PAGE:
Primary Philadelphia chromosome positive acute myeloid leukemia: A case report

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Philadelphia chromosome positive acute myeloid leukemia (Ph+ AML) is a rare subtype of AML that is now included as a provisional entity in the 2016 revised WHO classification of myeloid malignancies. However, a clear distinction between de novo Ph+ AML and chronic myeloid leukemia blast crisis is challenging. It is still a matter of debate whether Ph+ AML patients should be treated with chemotherapy or tyrosine kinase inhibitors as first-line therapy.

Patient concerns:

We reported here a case of a 46-year-old man who was diagnosed as Ph+ AML. This diagnosis was confirmed by bone marrow pathology and karyotype analysis of 46, XY, t (9; 22). Further examination, molecular genetic analysis showed BCR/ABL1 (p190) without ABL1 kinase domain mutations, and direct evidence demonstrated in AML by flow cytometry.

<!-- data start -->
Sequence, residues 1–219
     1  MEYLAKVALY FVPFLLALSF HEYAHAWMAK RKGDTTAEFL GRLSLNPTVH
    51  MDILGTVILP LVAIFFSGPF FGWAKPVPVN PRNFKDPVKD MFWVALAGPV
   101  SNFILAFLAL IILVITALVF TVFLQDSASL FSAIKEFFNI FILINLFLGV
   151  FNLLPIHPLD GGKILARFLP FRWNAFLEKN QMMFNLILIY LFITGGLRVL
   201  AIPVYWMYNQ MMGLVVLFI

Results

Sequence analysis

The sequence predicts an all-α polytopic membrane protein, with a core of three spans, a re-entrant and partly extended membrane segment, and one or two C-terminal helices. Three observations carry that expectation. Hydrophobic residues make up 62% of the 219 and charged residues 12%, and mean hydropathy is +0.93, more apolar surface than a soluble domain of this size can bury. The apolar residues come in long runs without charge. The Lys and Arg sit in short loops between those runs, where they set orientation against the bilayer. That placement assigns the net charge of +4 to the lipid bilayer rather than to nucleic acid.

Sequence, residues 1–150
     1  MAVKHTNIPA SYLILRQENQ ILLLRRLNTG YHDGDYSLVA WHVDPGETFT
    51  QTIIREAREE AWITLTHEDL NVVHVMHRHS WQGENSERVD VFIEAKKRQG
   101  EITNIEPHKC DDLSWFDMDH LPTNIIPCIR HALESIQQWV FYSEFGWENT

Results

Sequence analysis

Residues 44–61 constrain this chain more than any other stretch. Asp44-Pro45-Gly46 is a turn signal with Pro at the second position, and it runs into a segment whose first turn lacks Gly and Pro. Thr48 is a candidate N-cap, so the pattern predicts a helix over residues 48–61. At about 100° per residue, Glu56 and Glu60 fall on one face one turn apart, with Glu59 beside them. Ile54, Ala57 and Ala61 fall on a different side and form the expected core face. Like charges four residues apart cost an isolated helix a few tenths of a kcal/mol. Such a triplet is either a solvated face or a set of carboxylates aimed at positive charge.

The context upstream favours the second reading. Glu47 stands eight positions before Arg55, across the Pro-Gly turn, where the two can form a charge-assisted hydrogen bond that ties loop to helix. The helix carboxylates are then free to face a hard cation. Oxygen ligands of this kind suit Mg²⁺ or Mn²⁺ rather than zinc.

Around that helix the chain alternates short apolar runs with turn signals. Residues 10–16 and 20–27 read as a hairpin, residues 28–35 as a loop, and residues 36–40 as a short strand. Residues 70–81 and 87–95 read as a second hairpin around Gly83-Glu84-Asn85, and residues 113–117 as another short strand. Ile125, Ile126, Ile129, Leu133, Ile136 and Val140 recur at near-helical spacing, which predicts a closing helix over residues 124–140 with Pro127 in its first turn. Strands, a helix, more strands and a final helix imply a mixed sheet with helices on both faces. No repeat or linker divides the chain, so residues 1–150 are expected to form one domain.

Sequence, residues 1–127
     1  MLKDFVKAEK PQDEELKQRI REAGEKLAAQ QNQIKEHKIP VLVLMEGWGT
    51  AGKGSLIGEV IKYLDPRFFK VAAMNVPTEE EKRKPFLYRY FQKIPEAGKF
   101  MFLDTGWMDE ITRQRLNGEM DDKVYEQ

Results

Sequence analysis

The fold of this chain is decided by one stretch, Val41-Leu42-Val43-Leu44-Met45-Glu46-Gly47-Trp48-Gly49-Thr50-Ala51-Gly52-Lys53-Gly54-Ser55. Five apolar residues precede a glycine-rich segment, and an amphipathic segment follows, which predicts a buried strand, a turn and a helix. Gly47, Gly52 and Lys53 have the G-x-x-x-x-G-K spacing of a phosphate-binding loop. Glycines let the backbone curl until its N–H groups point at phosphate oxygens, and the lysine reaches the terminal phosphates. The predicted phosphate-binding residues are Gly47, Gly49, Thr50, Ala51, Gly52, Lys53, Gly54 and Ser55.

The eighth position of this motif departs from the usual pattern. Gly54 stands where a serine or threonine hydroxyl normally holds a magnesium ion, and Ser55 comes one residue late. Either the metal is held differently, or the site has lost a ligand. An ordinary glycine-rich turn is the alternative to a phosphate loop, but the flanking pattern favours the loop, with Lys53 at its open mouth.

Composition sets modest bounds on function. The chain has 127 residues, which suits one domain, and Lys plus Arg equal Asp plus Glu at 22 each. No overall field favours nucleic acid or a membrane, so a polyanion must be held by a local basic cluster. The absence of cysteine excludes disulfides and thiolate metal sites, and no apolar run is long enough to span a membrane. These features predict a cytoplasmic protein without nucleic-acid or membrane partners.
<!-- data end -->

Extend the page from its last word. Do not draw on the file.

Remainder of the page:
The diagnosis of Ph+ AML was made on May 2016 according to morphology, immunology, cytogenetic, and molecular criteria, and multiple organ failure was also diagnosed.


The patient was treated with dasatinib as the only medication after experiencing multiple organ failure. Then, he received 2 cycles of chemotherapy with IA (idarubicin 8 mg/m2, day 1–3; cytarabine 100 mg/m2, day 1–7) in August, 2016.


The patient finally achieved a complete molecular remission.


This case study suggests that dasatinib can be a safe and effective treatment for Ph+ AML patients with poor physical condition.

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